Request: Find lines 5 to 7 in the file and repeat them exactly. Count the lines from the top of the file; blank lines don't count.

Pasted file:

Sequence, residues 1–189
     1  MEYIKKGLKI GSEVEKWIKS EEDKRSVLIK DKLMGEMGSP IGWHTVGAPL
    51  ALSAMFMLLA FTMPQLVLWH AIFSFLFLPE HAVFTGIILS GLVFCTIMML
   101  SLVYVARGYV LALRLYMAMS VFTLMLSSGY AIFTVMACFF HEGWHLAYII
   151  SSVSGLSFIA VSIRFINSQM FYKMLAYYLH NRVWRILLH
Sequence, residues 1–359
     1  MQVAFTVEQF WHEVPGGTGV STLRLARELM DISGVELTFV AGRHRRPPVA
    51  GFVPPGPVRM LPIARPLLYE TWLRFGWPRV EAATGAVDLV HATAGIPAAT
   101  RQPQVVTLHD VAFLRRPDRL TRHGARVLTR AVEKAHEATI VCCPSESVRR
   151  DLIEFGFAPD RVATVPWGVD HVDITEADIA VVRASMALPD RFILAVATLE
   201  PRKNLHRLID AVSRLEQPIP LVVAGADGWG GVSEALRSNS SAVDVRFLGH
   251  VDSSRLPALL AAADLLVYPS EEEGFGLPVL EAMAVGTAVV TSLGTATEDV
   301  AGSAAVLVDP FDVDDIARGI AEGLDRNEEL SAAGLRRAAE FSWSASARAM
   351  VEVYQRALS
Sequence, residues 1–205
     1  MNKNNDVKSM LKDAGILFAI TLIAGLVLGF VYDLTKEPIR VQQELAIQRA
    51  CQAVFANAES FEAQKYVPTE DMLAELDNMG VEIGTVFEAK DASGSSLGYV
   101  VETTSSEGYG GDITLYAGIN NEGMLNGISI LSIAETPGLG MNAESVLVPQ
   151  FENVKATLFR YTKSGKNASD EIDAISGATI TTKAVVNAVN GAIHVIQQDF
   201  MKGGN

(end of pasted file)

   151  SSVSGLSFIA VSIRFINSQM FYKMLAYYLH NRVWRILLH
Sequence, residues 1–359
     1  MQVAFTVEQF WHEVPGGTGV STLRLARELM DISGVELTFV AGRHRRPPVA